Camp Roanoke Devlog: Weeks 1-2 Recap

 

The time has come.

Our class (GD33) has finally moved to the 2nd floor! This means we’re back to 12-hour days of classes and work, but most of this time is now dedicated to our final project games, instead of assignments. It’ll be busy, I’m sure, but sometimes we spend so much time thinking about where we’re going that we neglect to appreciate the journey there. So: our team has decided to document our game through weekly devlogs*!

* Provided at least one team member has the energy and time remaining on each Friday to write one. As you might guess from the title, we didn’t really have time the first two weeks.

THE TEAM

  • Project Manager: Juan Carlos Perezcruz
  • Artist: Tyson Bednar
  • Lead Programmer: Anna Prein
  • Graphics Programmer: Michelangelo Pereira Huezo

Camp Roanoke - Character and Enemy Concepts

WHAT IS CAMP ROANOKE?

Four kids are on a camping trip when their parents disappear. When they enter the forest to search for them, they find themselves attacked by strange monsters… and watched by the laid-back resident Ghost Bear. It’s a one-to-four player local co-op multiplayer game, focusing on chaotic melee combat in an endless forest, where survival is key.

WORKSTATION SETUP

Part of the fun of moving downstairs is setting up your workstations and decorating the team space. We took to this with much gusto. Camp Roanoke is set in a forest, so we’ve made quite a few, using window-chalk, card paper, pipe cleaners, and several plastic Christmas trees.

ACTUAL PROGRESS

But decoration is obviously not the real goal here, so what’s theĀ  actual progress? It’s hard to estimate exactly where we are in the process, but we seem to be on track. Milestone 1 (M1) is this upcoming Friday, and we’re aiming to have two weapons implemented, and one enemy AI system complete. This doesn’t include final polish and tuning, but the implemented systems do need to be working, and somewhat close to our vision. As of this morning, the scarecrow enemy has started to come together from my end, along with smaller bits of polish, like having the cookies zoom towards the player for collection.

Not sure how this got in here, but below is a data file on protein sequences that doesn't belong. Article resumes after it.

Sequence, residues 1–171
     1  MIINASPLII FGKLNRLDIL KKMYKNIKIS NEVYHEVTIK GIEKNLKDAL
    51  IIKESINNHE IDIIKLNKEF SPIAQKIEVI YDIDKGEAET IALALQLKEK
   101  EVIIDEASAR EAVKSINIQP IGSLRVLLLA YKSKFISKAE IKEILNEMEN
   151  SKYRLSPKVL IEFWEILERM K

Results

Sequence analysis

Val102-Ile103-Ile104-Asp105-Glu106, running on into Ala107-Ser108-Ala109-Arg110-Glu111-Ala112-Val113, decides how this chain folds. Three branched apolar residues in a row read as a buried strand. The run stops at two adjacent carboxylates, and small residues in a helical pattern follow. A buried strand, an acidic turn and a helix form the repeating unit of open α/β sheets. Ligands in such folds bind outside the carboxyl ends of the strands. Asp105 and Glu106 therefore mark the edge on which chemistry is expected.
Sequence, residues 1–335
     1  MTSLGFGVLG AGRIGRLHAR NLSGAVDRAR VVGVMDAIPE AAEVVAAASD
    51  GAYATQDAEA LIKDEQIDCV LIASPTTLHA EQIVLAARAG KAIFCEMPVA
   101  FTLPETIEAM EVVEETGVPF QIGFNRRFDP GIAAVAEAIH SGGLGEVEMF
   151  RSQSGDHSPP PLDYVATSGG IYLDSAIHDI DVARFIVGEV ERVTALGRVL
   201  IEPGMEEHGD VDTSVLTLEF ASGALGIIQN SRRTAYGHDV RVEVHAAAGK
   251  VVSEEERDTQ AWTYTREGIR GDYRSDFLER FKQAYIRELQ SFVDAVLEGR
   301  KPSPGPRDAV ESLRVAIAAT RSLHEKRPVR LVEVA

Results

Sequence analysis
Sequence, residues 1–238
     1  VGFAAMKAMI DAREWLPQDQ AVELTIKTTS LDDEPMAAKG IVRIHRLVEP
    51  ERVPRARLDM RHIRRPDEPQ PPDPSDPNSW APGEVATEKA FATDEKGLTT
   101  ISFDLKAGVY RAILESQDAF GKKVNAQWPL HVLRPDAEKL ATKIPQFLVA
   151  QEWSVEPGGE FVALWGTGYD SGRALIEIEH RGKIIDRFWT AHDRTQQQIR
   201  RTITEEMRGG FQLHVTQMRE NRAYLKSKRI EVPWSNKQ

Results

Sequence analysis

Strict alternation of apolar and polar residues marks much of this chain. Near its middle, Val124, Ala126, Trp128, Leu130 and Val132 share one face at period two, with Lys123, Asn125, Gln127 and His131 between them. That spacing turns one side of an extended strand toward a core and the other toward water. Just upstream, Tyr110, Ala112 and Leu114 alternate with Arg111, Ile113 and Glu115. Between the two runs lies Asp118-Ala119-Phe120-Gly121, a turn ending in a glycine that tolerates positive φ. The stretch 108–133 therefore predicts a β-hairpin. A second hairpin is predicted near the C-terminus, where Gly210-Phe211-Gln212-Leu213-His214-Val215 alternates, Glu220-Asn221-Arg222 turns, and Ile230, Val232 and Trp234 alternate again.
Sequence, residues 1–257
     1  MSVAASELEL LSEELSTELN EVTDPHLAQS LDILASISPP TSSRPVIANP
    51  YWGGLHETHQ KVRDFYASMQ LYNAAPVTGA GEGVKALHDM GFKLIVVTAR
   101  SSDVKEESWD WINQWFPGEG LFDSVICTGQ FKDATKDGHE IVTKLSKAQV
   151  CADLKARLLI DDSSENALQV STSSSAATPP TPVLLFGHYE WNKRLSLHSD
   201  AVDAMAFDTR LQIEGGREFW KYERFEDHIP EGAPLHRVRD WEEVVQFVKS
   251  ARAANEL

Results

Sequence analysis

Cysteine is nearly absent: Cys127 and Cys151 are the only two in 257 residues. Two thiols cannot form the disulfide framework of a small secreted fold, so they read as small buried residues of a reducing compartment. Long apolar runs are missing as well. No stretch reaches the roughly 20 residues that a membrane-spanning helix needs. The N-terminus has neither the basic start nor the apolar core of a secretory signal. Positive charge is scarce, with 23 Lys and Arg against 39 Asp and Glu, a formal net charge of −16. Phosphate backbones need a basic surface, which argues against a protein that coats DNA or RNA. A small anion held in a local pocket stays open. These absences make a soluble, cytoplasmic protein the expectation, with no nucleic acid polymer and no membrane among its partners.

Last Friday, after several days of struggling through Unity’s Animation Events and my work-around system, Mike and I successfully fixed the attack combos. It was a complicated and not-very-elegant system, but it was something we thought we wanted… until it was feedback time this Tuesday, when outside eyes (a.k.a Shane Neville, our awesome mentor) came, played, and made us realize exactly how un-fun the whole thing was. It has been duly destroyed and replaced by something much simpler, but much more suitable for a hack-n-slash game. This process of create-test-change (or in this case, create-test-destroy) is common in game development, but it’s not easy. Even knowing that failure is a part of learning, it’s hard to avoid the feeling of stress when a deadline is approaching and you’re still reworking a crucial game feature.

PLAY TESTERS?

We’ll start play testing next week! All interested students and faculty members are invited to come by during our core hours (10 am to 6 pm) and try out Camp Roanoke. We’re also holding Ghost Bear Auditions on February 7th (details TBA!). Come and try out for the part of the forest’s elusive ghostly bear, demanding bribes from the children lost inside.


Anna Prein is a game design student at VFS, and a winner of the Women in Games scholarship.